More than 250 leaders in pharmacy, former colleagues, friends and family members recently gathered to honour the founder of Shoppers Drug Mart "a man who was years ahead of his time. We are finally catching up to the trail blazed by Murray Koffler," noted David Palmer, vice-president of advancement at the University of Toronto, during his address at the Canadian Foundation for Pharmacy's Pillar of Pharmacy Awards dinner.
Speakers at the gala dinner lauded not only Koffler's achievements for Shoppers Drug Mart an "iconic Canadian institution," said Palmer but also his many and far-reaching philanthropic commitments. Often with his wife, Marvelle, by his side, Koffler has contributed his time and funding to support pharmacy business education, scientific and medical research, the arts, the prevention of drug abuse and business programs for Aboriginal Canadians. The federal government named Koffler to the Order of Canada in 1977 and promoted him to Officer of Canada in 1996.
"Murray is always all about people," said his oldest son, Leon, chairman of Super-Pharm Pharmacy in Israel. "He starts with meeting people's needs and helping them meet their goals. He would always say, "Build upon the people and the business is sure to follow.'"
That philosophy is still behind much of the advice Koffler shares during monthly conversations with Shoppers Drug Mart's current president and CEO, Dominic Pilla. "I went to his home and discovered someone with an undiminished passion for Canada and Canada's healthcare system. He is a visionary," stated Pilla.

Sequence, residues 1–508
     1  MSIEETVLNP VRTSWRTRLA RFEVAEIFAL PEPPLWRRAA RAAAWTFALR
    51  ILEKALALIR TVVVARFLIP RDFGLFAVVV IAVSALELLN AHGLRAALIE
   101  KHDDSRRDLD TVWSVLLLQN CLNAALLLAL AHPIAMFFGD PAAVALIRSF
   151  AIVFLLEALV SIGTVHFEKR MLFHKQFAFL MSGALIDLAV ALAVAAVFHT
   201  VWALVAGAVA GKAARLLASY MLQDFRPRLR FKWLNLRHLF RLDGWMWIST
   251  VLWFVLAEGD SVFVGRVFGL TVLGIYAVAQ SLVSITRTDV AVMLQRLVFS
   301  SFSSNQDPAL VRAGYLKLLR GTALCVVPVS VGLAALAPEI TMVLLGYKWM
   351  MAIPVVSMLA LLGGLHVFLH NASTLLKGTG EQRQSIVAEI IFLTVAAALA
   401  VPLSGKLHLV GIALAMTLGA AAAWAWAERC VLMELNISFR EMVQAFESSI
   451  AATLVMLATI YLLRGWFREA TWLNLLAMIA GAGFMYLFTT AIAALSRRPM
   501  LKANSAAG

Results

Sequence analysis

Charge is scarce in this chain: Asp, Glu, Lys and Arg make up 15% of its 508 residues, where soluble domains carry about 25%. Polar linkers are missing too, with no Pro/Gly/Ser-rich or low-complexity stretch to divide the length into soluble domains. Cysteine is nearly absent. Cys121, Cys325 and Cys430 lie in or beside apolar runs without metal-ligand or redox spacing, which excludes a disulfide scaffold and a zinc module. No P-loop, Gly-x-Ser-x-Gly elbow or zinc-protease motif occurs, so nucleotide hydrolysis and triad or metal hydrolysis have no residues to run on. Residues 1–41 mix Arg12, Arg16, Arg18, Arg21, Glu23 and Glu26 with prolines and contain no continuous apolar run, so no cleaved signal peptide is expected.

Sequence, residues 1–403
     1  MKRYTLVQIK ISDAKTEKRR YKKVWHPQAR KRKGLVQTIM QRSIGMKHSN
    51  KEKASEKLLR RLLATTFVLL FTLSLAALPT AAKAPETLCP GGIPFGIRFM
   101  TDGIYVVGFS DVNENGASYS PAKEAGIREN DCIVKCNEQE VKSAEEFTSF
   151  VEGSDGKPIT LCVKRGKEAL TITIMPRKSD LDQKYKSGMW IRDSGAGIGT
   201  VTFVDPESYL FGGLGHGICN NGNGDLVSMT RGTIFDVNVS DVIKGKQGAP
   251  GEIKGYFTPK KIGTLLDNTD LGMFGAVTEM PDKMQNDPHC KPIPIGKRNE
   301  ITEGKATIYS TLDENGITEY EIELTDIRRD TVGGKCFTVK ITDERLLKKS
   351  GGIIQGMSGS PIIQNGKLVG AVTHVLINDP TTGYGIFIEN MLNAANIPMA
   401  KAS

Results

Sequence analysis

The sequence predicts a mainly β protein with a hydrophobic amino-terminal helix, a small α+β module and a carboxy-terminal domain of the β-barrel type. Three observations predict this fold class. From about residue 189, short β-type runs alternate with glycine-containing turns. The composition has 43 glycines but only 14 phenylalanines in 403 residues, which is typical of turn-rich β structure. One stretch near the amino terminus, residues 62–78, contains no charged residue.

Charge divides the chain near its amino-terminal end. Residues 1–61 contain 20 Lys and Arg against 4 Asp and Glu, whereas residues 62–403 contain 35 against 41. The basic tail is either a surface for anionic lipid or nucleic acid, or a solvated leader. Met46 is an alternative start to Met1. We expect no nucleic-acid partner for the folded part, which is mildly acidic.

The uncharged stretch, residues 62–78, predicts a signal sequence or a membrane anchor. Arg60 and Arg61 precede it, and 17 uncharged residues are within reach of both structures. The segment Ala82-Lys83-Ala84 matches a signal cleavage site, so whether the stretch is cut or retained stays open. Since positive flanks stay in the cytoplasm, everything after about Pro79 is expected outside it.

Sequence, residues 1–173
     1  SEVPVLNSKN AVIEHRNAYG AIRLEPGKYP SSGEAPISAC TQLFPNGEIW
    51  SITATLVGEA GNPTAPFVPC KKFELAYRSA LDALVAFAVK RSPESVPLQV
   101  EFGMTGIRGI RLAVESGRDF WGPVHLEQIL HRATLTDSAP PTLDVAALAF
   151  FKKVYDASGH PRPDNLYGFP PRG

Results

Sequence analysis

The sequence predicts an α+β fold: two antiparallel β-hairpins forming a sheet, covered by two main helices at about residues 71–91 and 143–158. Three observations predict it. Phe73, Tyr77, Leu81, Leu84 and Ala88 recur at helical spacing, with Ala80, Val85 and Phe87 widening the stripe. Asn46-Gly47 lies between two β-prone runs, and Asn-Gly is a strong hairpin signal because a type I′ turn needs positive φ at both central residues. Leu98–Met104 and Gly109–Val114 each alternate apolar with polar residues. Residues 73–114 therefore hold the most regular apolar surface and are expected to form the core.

When he took to the stage, the 89-year-old pharmacist who graduated in 1946 was as likely to share jokes as he was words of wisdom. After thanking his wife, children and grandchildren many of whom were in the audience Koffler quoted from his well-thumbed copy of A Guide for the Advanced Soul (by Susan Hayward): "It is good to have an end to journey towards. But it is the journey that matters in the end."
Dr. Wayne Hindmarsh, dean emeritus of the Leslie Dan Faculty of Pharmacy, University of Toronto, also shared personal reminiscences while serving as master of ceremonies for the evening. Attendees also heard from Marnie Mitchell, president of the Canadian Foundation for Pharmacy, and Barry Phillips, a Shoppers Drug Mart associate owner since the company's inception more than 50 years ago.